“One who thinks that nothing can be done without the favor of America will not manage the country well,” the supreme leader said, without naming any candidates.

Iran’s Supreme Leader Ali Khamenei speaks during the 35th anniversary of the death of the leader of Iran’s 1979 Islamic Revolution, Ruhollah Khomeini, at Khomeini’s shrine in southern Tehran, Iran, June 3, 2024. (Via Reuters)
Iran’s Supreme Leader Ali Khamenei speaks during the 35th anniversary of the death of the leader of Iran’s 1979 Islamic Revolution, Ruhollah Khomeini, at Khomeini’s shrine in southern Tehran, Iran, June 3, 2024. (Via Reuters)

Pezeshkian has urged Iran to return to the 2015 nuclear deal and increase its outreach to the West.

Succession

The election’s outcome is crucial for determining the future of Iran’s leadership, as the next president will likely be involved in selecting Khamenei’s successor.

Raisi was widely seen as a potential successor to Khamenei, and his sudden death has sparked a race among hardliners seeking to influence the selection of Iran’s next top leader.

Voter turnout and legitimacy

During his speech on Tuesday, Khamenei called for a high turnout that he said “will silence the Islamic Republic’s enemies.”

Many Iranians are expected to abstain from voting due to limited choices, ongoing crackdowns, and declining living standards.

Presidential candidate Mohammad Bagher Ghalibaf attends a campaign event in Tehran, Iran, June 18, 2024. (Via Reuters)
Presidential candidate Mohammad Bagher Ghalibaf attends a campaign event in Tehran, Iran, June 18, 2024. (Via Reuters)

Khamenei’s call comes after a parliamentary election that saw a record low turnout earlier this year. The Islamic Republic has traditionally relied on voter turnout to demonstrate its legitimacy.

Reformists have been urging the public to vote for Pezeshkian, but their electoral strength remains uncertain as some voters believe they failed to deliver greater freedoms during their past tenures in power.

Iranian presidential candidate Saeed Jalili looks on during a campaign event at Sharif University in Tehran, Iran, June 22, 2024. (Via Reuters)
Iranian presidential candidate Saeed Jalili looks on during a campaign event at Sharif University in Tehran, Iran, June 22, 2024. (Via Reuters)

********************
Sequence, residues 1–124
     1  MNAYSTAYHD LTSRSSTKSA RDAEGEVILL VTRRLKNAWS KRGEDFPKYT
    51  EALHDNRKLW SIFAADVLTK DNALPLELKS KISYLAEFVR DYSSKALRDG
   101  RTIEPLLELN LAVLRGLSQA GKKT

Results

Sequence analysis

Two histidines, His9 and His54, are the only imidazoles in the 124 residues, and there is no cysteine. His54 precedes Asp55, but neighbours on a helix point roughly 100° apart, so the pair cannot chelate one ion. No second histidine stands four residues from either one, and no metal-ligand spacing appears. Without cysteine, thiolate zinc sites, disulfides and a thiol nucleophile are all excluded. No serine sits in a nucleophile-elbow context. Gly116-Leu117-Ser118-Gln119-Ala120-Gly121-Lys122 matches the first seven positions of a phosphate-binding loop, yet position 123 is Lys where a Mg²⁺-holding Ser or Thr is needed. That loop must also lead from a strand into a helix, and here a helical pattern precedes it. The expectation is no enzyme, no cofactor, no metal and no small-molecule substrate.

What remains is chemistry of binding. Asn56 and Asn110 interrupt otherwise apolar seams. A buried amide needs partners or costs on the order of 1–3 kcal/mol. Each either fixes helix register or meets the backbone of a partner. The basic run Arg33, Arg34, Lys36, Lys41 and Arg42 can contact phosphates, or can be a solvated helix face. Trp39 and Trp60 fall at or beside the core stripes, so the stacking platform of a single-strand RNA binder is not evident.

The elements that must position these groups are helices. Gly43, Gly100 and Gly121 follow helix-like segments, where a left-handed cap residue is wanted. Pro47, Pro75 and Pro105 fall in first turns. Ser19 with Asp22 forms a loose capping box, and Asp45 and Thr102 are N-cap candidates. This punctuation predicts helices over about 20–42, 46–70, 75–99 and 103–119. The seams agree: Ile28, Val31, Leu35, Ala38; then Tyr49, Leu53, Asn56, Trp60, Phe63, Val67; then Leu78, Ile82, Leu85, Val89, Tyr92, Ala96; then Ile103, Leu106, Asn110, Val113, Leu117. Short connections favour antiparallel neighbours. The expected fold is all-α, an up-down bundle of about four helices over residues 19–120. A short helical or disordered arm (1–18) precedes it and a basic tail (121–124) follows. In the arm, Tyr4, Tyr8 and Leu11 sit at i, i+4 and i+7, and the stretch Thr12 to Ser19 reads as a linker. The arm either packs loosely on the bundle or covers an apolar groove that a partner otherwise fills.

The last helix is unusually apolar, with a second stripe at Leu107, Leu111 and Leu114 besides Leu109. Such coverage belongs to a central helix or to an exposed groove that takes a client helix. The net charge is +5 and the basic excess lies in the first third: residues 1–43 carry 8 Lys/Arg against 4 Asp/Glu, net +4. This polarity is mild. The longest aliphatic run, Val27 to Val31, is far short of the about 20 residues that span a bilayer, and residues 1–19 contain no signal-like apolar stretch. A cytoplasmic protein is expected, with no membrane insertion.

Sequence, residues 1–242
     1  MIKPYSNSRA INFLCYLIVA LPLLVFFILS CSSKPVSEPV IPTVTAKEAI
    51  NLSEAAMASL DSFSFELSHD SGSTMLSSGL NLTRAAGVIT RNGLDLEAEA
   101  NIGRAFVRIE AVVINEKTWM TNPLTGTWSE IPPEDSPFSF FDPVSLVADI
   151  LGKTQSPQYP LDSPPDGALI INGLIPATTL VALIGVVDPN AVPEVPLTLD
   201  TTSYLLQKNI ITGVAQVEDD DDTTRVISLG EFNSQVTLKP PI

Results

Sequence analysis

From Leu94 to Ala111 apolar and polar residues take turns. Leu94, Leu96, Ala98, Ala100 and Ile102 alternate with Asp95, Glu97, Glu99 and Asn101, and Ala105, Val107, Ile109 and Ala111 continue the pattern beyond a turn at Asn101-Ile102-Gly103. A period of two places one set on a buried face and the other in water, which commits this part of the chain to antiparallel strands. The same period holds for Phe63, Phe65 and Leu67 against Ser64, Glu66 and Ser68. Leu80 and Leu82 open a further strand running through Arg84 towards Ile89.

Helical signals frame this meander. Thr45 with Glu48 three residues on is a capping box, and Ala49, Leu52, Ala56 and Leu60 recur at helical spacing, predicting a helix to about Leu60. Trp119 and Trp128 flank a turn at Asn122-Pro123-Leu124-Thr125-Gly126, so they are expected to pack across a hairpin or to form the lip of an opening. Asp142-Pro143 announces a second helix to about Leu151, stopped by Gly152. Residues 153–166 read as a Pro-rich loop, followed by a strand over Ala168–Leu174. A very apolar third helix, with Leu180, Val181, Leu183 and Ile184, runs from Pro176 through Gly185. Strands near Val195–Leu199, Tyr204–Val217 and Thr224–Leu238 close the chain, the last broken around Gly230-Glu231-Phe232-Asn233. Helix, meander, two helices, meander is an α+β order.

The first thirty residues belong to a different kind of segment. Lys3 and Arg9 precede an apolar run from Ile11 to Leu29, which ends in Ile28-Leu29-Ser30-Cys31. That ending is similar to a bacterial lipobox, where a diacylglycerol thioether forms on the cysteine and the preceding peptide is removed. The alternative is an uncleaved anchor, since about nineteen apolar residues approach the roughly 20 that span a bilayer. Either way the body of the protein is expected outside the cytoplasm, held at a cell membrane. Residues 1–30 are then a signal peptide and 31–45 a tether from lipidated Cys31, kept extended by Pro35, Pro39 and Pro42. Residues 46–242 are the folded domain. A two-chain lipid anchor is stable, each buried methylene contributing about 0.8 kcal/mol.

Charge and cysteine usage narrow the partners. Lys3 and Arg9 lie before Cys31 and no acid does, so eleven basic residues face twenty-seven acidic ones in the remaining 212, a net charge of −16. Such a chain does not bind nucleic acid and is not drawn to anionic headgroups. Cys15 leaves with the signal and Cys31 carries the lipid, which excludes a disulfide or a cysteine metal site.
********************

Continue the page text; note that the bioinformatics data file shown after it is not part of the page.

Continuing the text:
Unrest sparked by the death of Mahsa Amini, a young Iranian Kurdish woman, in custody in 2022, exposed a widening divide between reformists and their power base, after reformist leaders distanced themselves from demonstrators who demanded a “regime change.”

Reformists remain faithful to Iran’s theocratic rule but advocate detente with the West, economic reform, social liberalization and political pluralism.

Iranian presidential candidate Masoud Pezeshkian attends an election debate at a television studio in Tehran, Iran, June 25, 2024. (Via Reuters)
Iranian presidential candidate Masoud Pezeshkian attends an election debate at a television studio in Tehran, Iran, June 25, 2024. (Via Reuters)

Iranian dissidents, both domestically and abroad, have called for an election boycott, distributing the hashtag #ElectionCircus widely on the social media platform X, arguing that a high turnout would legitimize the Islamic Republic.

All Iranians aged over 18 can vote, which means that over 61 million of Iran’s more than 85 million people are eligible to cast a ballot.

All votes will be counted manually so the final result may not be announced for two days, although partial results may appear sooner.

If no candidate wins at least 50 percent plus one vote of all ballots cast, including blank votes, a run-off round between the top two candidates is held on the first Friday after the election result is declared.

Read more:

Iran presidential candidates debate economy ahead of June 28 election

Advisor to Iran’s Khamenei urges election of president aligned with supreme leader

After Raisi funeral, Iran’s focus turn to vote for successor